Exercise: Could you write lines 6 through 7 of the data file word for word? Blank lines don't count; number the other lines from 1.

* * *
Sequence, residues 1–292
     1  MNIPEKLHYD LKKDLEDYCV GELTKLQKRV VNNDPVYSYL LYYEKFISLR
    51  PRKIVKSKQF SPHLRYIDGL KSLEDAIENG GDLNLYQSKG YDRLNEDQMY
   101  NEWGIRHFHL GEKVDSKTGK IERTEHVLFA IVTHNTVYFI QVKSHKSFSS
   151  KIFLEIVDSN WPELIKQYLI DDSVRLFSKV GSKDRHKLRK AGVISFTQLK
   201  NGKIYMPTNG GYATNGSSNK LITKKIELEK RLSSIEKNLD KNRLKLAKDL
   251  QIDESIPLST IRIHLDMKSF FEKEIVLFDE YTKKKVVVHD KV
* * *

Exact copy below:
   201  NGKIYMPTNG GYATNGSSNK LITKKIELEK RLSSIEKNLD KNRLKLAKDL
   251  QIDESIPLST IRIHLDMKSF FEKEIVLFDE YTKKKVVVHD KV